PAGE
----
Air handler blower speed

I recently installed a Goodman SSZ 16 seer unit with an AEPF Variable speed air handler. HVAC techs came and got it up and running. The one question I have is when I bump the thermo (Visionpro 8000) up 2 degrees the blower ramps up full speed like it’s suppose to but when the heat pump kicks in to maintain the temp. the blower hardly pushes any air. You can feel heat at the registers but hardly any air and the Heat pump stays on for quite sometime. Is this normal? My first electric bill for November here in PA was $164 and I atribute $69 of that for the heat pump. Seems resonable to me.
Any thoughts, thanks

The fan speed is dictated by whether you have heat or cool selected. During heating, it does run slower so as to not make the air feel cool on your skin. An air handler equipped with an ECM motor will only run the motor as fast as it needs to to maintain the CFM’s necessary for heat or cool.

My Carrier variable speed has lots of jumper selections in the air handler to choose many features that all affect the fan speed. Some only affect the fan speed when it is manually turned on but some others involve the auto speed.

Be advised that many installers do not know how to properly connect the control wires for a variable speed system. Mine was wired just like a unit without the variable speed and very weird things occurred.

You will need the installation manual and owners manual both to figure it all out if it has all of the multiple features mine does.

If you have the option to add the outdoor temp sensor, I would advise doing that since it should then let you program the aux heat to stay off even when raising the t-stat several degrees. For example, keep the electric strips off unless it is below a certain temp outside. They will still come on during the defrost cycle to help knock off some of the chill caused by that cycle.

Yes I have the outside thermostat set at 0 as per instructions. Does the heat pump use the same ammount of electricty all the time, or does it cut down according to what the air handler is running at? If it does not it would seem a waste of energy if it doesn’t blow the heat off the coil at a higher blower rate while it’s running. The temp at the registers runs about 102 degrees regardless of outside temp. so far.

The current draw of the heat pump compressor varies some with the outside air temperature and other minor factors but does not adjust itself based on interior fan speed.

It sounds like your duct work was designed for some other system or maybe not installed very well. Variable speed systems are very well designed to obtain the best performance but as I said before, there are jumper/programming selections to check into.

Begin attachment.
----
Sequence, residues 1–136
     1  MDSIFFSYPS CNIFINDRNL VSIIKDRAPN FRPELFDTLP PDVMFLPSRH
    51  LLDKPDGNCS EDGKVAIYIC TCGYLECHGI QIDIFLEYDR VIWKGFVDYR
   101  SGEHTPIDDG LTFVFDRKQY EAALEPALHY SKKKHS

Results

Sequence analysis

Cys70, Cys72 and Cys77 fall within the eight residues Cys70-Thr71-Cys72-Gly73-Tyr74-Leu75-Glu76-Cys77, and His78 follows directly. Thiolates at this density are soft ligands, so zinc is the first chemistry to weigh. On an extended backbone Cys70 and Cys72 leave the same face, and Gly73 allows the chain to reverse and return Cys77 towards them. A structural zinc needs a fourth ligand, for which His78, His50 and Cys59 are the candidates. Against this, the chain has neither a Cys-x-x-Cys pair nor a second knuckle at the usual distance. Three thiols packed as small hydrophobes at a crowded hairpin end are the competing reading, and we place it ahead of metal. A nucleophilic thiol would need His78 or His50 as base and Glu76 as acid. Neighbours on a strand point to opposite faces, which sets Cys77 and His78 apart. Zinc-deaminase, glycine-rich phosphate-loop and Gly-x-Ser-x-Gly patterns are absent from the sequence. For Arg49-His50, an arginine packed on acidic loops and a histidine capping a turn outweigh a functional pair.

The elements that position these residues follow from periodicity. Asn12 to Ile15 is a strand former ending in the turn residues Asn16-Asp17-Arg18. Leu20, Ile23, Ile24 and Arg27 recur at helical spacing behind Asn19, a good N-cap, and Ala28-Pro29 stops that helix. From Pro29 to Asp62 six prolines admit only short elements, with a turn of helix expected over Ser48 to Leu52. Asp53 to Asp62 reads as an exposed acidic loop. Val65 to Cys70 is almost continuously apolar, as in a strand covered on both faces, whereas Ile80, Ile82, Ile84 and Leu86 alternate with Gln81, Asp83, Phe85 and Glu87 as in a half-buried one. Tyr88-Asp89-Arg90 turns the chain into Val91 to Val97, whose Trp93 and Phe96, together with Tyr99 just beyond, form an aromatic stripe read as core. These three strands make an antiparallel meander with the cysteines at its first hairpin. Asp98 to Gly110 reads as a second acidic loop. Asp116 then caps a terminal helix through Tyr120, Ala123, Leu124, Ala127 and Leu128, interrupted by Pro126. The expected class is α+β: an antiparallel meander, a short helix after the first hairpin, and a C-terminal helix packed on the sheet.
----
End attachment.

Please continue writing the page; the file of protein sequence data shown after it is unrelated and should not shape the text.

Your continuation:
I see many homes with very little airflow from some registers and more from others, sometimes the dampers are adjusted inside the ducts for this and sometimes its probably just poor duct sizing and distribution methods.

I inspected a new home the other day for an hvac tech and he showed me some poor ducting practices in the attic that I would not normally look for.

Where are you located?
Aux heat lockout down to zero does not sound right to me.
I keep mine on 30.

I’m located in central PA. I installed the duct work myself as per drawings an HVAC engineer drew for me. The air handler from time to time will run at full speed and when it does I get equal flow from all ducts so it’s not a duct issue. It’s just when maintaining temp that the blower hardly runs. I think it could be in the dip switch settings or maybe this is normal. I also was told this unit would operate down to 0 degrees. The coldest night we’ve had was 13 degrees and it was producing plenty of heat without the backup heat on.

It really sounds like the variable speed airhandler control wiring could be wired wrong.
You really need the installation manual, it will have 4-5 different wiring methods based on actual equipment present etc. Mine was not wired like any of the choices in the book, the guy had just wired it like any simple control wiring which is wrong.

Looks like you have a good system that will work well in low temps but part of the reason for allowing the backup heat to be available is in the event of an ice storm or malfunction of the compressor during the night.

If an ice storm hits, as it does here every few years, the outside unit will have a large amount of ice buildup on top where the defrost mode is not designed to help.

:idea:Thanks for the info, I’ll have another tech come in and evaluate the problem.